A new study by astronomers at NASA, Johns Hopkins University and the Rochester Institute of Technology confirms long-held suspicions about how stellar-mass black holes produce their highest-energy light. "Our work traces the complex motions, particle interactions and turbulent magnetic fields in billion-degree gas on the threshold of a black hole, one of the most extreme physical environments in the universe," said lead researcher Jeremy Schnittman, an astrophysicist at NASA's Goddard Space Flight Center in Greenbelt, Md.
Continue reading "NASA: "X-Rays Light Up Sun-Like Coronas of Black Holes"" »
As murder mysteries go, it's a big one: how do galaxies die and what kills them? A new study, published today in the journal Nature, has found that the primary cause of galactic death is strangulation, which occurs after galaxies are cut off from the raw materials needed to make new stars.
Continue reading ""CSI" --The Death of a Galaxy" »
The elliptical galaxy Centaurus A (also known as NGC 5128) shown in deep field above is the closest giant galaxy to the Milky Way and is suspected to harbour as many as 2000 globular clusters. Many of these globulars are brighter and more massive than the 150 or so orbiting the Milky Way.
Continue reading "Mystery Star Clusters of Elliptical Galaxy Centaurus A --"Something Dark, Hidden and Massive"" »
Astrophysicists prepare weather forecasts for planets beyond our solar system using Kepler data to find evidence of daily weather cycles on exoplanets "Cloudy for the morning, turning to clear with scorching heat in the afternoon." While this might describe a typical late-summer day in many places on Earth, it may also apply to planets outside our solar system, according to a new study by an international team of astrophysicists from the University of Toronto, York University and Queen's University Belfast.
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In the search for life beyond Earth, scientists have justifiably focused on water because all biology as we know it requires this fluid. A wild card, however, is whether alternative liquids can also suffice as life-enablers. For example, Saturn’s frigid moon Titan is awash in inky seas of the hydrocarbon methane.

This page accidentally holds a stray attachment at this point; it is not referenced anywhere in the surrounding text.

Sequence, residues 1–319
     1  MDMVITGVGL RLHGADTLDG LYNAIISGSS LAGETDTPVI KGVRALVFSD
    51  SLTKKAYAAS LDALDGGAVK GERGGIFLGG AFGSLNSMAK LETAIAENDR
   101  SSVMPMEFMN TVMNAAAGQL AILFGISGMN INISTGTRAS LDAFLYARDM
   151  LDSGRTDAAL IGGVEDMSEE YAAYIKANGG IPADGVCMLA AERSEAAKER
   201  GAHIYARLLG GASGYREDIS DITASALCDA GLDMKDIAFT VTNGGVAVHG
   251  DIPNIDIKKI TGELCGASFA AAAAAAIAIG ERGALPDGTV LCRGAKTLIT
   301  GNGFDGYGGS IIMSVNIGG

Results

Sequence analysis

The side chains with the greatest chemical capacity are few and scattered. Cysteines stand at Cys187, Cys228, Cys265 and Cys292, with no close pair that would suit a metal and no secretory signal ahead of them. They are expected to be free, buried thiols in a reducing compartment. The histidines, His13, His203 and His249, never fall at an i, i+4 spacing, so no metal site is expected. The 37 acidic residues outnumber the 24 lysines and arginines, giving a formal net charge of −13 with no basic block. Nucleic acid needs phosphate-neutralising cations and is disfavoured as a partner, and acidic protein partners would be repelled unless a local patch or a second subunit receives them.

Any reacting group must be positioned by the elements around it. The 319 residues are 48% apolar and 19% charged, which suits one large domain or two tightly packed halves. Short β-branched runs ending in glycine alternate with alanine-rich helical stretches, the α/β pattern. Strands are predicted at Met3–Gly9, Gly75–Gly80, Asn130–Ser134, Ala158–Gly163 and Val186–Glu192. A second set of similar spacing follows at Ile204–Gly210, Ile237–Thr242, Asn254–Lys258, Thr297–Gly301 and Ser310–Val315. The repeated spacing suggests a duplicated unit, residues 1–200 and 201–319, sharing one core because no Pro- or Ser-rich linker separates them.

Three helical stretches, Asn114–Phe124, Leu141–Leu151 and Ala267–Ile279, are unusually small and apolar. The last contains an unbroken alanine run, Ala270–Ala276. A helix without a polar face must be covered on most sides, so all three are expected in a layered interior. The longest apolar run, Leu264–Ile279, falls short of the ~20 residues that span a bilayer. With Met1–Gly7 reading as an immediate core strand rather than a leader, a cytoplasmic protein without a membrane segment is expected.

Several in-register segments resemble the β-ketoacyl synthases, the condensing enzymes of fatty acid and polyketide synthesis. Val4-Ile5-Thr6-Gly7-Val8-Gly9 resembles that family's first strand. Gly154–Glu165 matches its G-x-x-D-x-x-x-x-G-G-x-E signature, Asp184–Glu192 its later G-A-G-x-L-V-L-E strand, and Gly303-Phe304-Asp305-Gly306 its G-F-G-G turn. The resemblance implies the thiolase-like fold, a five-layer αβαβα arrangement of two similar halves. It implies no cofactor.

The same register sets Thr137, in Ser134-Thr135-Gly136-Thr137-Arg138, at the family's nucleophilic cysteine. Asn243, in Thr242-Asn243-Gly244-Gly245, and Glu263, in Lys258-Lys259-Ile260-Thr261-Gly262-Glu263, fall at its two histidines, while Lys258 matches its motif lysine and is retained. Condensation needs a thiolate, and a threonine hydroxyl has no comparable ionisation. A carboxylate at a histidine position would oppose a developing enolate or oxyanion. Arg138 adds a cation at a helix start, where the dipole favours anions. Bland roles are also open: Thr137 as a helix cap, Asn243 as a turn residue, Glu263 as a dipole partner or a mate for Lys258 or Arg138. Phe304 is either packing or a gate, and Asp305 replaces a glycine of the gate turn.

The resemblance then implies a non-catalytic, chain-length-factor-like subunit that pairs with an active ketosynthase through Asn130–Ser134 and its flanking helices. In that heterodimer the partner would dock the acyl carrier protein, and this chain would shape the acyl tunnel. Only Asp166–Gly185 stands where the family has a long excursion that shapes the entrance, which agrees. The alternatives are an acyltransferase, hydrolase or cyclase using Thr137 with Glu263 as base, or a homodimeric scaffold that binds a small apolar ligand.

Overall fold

Continue reading ""Alien Life Habitats" --NASA Brainstorms Alternatives to Water" »
To measure distances in the Universe, astronomers use Cepheids, a family of variable stars whose luminosity varies with time. Their role as distance calibrators has brought them attention from researchers for more than a century. While it was thought that nearly everything was known about the prototype of Cepheids, named Delta Cephei, a team of researchers at the University of Geneva (UNIGE), the Johns Hopkins University, and the European Space Agency (ESA), have now discovered that this star is not alone, but that it has a hidden companion.
Continue reading " Iconic Supergiant Star's Hidden Companion" »
After an epic journey across the breadth of the solar system, NASA’s New Horizons spacecraft is finally nearing its destination: the Pluto system, a staggering 3 billion miles from Earth. In December, after a journey of nine years, the spacecraft was brought out of hibernation for the last time in preparation for its rendezvous with the dwarf planet the week of July 12. The upcoming Pluto flyby, once billed as the ‘first trip to the last planet,’ is actually the first visit to an entirely new class of worlds, says planetary scientist William McKinnon.
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A new study from the University of Cambridge has identified one of the oldest fossil brains ever discovered - more than 500 million years old - and used it to help determine how heads first evolved in early animals. The results, published today (7 May) in the journal Current Biology, identify a key point in the evolutionary transition from soft to hard bodies in early ancestors of arthropods, the group that contains modern insects, crustaceans and spiders.
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Is dark matter the "operating system" of the Universe? Tom Broadhurst, an Ikerbasque researcher at the UPV/EHU's Department of Theoretical Physics, thinks it is. He has participated alongside scientists of the National Taiwan University in a piece of research that explores cold dark matter in depth and proposes new answers about the formation of galaxies and the structure of the Universe. This theory can be used to suggest that all the galaxies in this context should have at their center large stationary waves of dark matter called solitons, which would explain the puzzling cores observed in common dwarf galaxies.
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Like galactic storm chasers, University of Arizona astronomers are leading an effort to discover how clouds and weather systems change over time on other worlds. Using simultaneous observations from the two space telescopes, UA astronomers are tracking the evolution of the swirling clouds and storm systems in unprecedented detail on this brown dwarf and five others like it. The goal of the UA-led Extrasolar Storms campaign is to discover how clouds and weather systems change over time on other worlds. With brown dwarf cloud systems changing in minutes, hours and years, the galaxy looks like a dark and stormy place.
Continue reading "Alien Megastorms of Colossal Brown Dwarfs (Weekend Feature)" »